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Back  |  January 10, 2019  | 

Council's Salary Freeze

Back in December, my Notice of Motion (NOM) regarding freezing the Councillor base pay for 2019 at zero (2016 minus 2.49%, 2017- minus .08%) was discussed during the December 17th Council Meeting. Councillor remuneration base salary percentage may increase or decrease annually as per the Average Weekly Earnings of Alberta as reported by the Statistics Canada survey of Employment Payroll and Hours. This process was determined by an independent Council Remuneration Committee. At the time I submitted my NOM in November, the average was +2.6%. During Council, administration said the final number from Stats Canada was not yet in, but most likely will now be a negative number instead of the number depicted in my NOM.

As strange as it may sound, based on the new information from administration, if Council passed my motion to freeze Council’s pay it would actually be a vote for an increase. If Council simply left the system alone, the decrease would automatically kick in, and no Council vote is necessary. How did this become a story that Council voted for a pay increase?  Before I submitted my Notice of Motion and new information came to light, there was commitment from over 10 Councillors at the time, which means the intended pay freeze prior to the new information would have passed, as eight votes in favour is required normally.

So at no point was there any intention of Council accepting a pay raise. Administration is currently confirming the proper calculation and Councillor’s salaries are currently frozen until the final number, based on the Average Weekly Earnings of Alberta, comes out. If the number is an increase, Council will simply move to implement the freeze, and I will ask for a reconsideration of the NOM. If it is a decrease, then nothing needs to be done and the salary decrease will happen automatically.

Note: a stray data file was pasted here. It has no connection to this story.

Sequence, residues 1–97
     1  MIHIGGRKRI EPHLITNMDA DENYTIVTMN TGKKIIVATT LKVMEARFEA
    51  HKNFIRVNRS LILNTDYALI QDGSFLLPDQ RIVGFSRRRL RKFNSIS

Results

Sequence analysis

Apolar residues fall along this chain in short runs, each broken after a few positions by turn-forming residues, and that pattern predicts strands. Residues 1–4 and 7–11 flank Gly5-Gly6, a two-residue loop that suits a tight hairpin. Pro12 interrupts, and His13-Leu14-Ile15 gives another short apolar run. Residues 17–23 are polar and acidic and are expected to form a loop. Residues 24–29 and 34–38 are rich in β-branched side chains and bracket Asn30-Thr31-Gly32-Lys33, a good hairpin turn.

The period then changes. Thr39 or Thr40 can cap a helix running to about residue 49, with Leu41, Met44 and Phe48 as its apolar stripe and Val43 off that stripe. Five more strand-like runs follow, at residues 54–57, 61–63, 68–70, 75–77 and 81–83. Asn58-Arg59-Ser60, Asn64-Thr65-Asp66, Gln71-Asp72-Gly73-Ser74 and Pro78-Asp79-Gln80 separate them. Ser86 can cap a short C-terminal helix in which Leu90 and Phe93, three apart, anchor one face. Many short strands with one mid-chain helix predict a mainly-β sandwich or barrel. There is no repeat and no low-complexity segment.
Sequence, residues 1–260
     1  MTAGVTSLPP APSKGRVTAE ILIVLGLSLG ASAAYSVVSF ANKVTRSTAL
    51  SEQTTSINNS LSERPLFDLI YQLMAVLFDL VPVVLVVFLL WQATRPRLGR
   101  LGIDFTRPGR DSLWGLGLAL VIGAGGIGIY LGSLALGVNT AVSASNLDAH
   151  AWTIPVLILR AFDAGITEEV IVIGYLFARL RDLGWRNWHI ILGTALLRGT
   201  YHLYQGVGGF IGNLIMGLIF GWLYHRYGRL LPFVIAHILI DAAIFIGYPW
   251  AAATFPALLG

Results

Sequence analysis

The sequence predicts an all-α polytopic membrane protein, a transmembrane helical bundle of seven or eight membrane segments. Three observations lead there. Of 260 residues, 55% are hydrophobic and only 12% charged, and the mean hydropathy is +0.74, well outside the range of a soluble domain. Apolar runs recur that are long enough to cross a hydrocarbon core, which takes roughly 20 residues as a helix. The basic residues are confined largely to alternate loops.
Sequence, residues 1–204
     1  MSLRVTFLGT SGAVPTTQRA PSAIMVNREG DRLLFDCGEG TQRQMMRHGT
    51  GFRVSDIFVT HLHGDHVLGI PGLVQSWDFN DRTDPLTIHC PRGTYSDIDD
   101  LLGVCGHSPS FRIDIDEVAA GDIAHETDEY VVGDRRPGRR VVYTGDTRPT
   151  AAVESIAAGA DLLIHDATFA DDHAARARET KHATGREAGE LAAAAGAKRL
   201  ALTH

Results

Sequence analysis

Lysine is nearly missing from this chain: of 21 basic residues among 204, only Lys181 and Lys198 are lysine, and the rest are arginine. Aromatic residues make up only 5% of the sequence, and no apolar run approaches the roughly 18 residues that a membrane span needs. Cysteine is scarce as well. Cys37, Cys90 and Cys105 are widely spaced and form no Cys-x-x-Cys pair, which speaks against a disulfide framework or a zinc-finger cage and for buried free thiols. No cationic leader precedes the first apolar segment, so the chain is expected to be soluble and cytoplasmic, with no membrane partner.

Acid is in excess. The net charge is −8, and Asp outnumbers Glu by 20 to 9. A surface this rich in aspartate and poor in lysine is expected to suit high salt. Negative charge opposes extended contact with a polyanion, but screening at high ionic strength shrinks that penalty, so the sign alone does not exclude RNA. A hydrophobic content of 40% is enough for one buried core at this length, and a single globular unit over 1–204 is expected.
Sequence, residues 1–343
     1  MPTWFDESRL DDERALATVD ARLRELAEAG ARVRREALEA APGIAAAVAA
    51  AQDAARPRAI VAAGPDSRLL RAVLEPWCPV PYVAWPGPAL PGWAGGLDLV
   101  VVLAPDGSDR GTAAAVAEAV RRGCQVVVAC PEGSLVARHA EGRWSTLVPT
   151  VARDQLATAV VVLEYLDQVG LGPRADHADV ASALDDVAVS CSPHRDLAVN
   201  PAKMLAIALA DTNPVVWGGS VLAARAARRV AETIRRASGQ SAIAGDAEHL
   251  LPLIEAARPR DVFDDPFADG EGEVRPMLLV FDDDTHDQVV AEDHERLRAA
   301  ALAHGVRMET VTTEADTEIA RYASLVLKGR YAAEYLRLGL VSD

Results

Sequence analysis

I found it interesting during the Christmas break how many people asked me why Council voted for a raise and some quoted they heard a "30% increase" and "why did we get such large wage increases every year" I also heard the question "why don’t we cut the number of Councillors in half like Toronto did"?

The facts are detailed above - Council has had base salary decreases two years in a row.  Secondly, if you watch the Council video, the intent of accepting no increase is obvious.

In closing, here are some interesting factual numbers to reflect on:

1976- Number of Calgary Councillors - 14, Population of Calgary 470,040
1976- Number of MLAs in Calgary Ridings -13, Population of Calgary 470,040
2018- Number of Calgary Councillors-14, Population of Calgary 1,267,344
2018-Number of MLAs in Calgary Ridings-26, Population of Calgary 1,267,344
2018- Calgary- 14 Councillors - Average Ward population 90,524. Base Salary $113,416.36
2018-Edmonton-12 Councillors- Average Ward population 74,953. Base Salary $113,325.00
2018- Toronto - 25 Councillors- Average Ward population 109,280. Base Salary $112,000.00 ** after reduction of Council
2018-Calgary-26 MLAs-Average Riding population 48,744. Base Salary $127,000.00
2018- Calgary -10 MPs- Average Riding population 126,344. Base Salary $172,700.00

As you change orders of government, the number normally reduces, not increases. Toronto has the same number of MLAs as MPs, which is 25. Toronto’s population is 2,732,000, which is double that of Calgary.

In the next few months, we will have the provincial election. The question of whether it is necessary to have 26 MLAs in Calgary needs to be raised.

Ward Sutherland

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Categories: Budget; City Finances; Councillor; City Finances Blog

This content represents the personal views and opinions of the Ward Councillor and should not be taken as a statement of policy of The City of Calgary. The inclusion of any external content does not imply endorsement by The City of Calgary.​